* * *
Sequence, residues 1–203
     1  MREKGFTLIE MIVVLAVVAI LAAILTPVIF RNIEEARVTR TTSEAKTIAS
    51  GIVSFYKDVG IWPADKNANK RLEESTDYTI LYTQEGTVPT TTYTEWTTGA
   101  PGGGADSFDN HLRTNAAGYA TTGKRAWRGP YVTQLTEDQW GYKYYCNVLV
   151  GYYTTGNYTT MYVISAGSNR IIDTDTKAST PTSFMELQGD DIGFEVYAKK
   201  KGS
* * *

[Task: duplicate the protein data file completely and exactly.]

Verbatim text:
Sequence, residues 1–203
     1  MREKGFTLIE MIVVLAVVAI LAAILTPVIF RNIEEARVTR TTSEAKTIAS
    51  GIVSFYKDVG IWPADKNANK RLEESTDYTI LYTQEGTVPT TTYTEWTTGA
   101  PGGGADSFDN HLRTNAAGYA TTGKRAWRGP YVTQLTEDQW GYKYYCNVLV
   151  GYYTTGNYTT MYVISAGSNR IIDTDTKAST PTSFMELQGD DIGFEVYAKK
   201  KGS